By Samuel Paramore
Extortioners? Con Men? Wannabe Gangsters?
All are seemingly appropriate labels to stick to undercover Immigration and Customs Enforcement (ICE) agents following the revelations of a 227-page manual that Unicorn Riot, an alternative media outlet, published online. The Undercover Operations Handbook, reportedly having been current from 2008 up until 2016, shows an agency given broad authority to engage in “otherwise illegal activity” such money laundering, bribery, drug dealing, and human trafficking.
What’s truly revealing is that the leaked documents gave all the resources and directions needed to engage in such controversial tactics, all tied up in the bureaucratic language of “proprieties,” “proceeds,” and “inducements.”
Still think “Abolish ICE” is just a slogan for the fringes?
Unicorn Riot, which has their own, more in-depth write up and PDFs of the manual, points out that agents have been afforded these dubious methods to ensnare people into the deportation machine. The manual gives instructions on how to get past entrapment by properly navigating the safer terrain of “inducement.” This concerns using “persuasion” and “mild coercion” in order to get people under investigation to commit illegal activities on the expectation that evidence of other crimes will unearthed by that. Entrapment, a legal defense against alleged crimes, is to be avoided at all costs.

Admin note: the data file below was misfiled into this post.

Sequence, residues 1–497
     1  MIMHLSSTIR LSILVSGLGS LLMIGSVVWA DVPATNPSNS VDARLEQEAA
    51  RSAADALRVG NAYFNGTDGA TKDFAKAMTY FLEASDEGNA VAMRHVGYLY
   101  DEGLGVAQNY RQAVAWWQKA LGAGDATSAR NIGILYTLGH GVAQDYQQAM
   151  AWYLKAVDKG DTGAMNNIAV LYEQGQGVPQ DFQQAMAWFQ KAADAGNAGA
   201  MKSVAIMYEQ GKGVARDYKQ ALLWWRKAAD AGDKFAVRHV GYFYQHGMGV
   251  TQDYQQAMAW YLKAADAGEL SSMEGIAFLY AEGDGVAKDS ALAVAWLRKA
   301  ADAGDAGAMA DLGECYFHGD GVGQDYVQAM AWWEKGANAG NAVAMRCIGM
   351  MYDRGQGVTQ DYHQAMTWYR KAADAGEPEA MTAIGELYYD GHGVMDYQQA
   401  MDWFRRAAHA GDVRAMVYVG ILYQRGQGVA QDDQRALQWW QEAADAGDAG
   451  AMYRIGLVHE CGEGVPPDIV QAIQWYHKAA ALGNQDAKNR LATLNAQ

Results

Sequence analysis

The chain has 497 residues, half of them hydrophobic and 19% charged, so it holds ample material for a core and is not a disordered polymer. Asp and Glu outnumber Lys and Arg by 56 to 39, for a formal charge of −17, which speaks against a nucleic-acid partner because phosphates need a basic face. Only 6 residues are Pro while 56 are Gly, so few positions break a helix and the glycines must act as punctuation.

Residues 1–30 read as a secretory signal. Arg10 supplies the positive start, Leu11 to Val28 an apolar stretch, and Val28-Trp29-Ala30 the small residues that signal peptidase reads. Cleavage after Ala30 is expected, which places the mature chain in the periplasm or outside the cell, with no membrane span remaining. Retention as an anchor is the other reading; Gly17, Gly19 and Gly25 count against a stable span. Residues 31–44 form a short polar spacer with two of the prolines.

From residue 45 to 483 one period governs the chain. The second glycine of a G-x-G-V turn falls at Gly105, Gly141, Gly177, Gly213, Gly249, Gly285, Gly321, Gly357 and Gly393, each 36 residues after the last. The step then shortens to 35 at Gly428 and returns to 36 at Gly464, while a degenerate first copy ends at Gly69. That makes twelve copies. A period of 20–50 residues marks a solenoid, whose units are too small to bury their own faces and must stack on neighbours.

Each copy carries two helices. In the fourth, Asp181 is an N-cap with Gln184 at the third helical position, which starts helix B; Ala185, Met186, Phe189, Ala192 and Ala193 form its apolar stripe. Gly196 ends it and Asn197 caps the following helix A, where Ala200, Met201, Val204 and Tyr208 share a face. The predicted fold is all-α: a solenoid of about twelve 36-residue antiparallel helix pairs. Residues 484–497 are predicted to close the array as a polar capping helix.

The leaked manual that covered both of Barack Obama’s two presidential terms also shows that agents were able to utilize fake identities and buffer them with forged social security numbers, pilot’s licenses, and U.S Coast Guard certificates. Undercover agents could present themselves as attorneys, clergy or even therapists! With regards to shell companies agents were allowed to set up, “proceeds” from them could be used to buy evidence. The money made from such undercover businesses can also be deposited to the agency, or cut across multiple agencies of their choice.
The depth of irony is unmatched considering how ICE constantly publishes news releases about cleaning up communities from similar criminal exploits on their website.
Now, when news breaks about an ICE officer caught robbing drug dealers for their money, like agent Valentino Johnson in 2009, or when they’re sued for shutting down a nightclub to benefit another night club paying them off, such as what agent Joohoon David Lee did to Club Sonagi with accusations of human trafficking, ICE will swat it away with the “few bad apples” refrain.
But the agency set up less-than-ethical guidelines for special agents out in the field by allowing them to break laws for law enforcement purposes. And does anyone really think the Trump Administration has tightened things up over at ICE? Banishing a few bad apples does nothing when the barrel is made of rotting wood.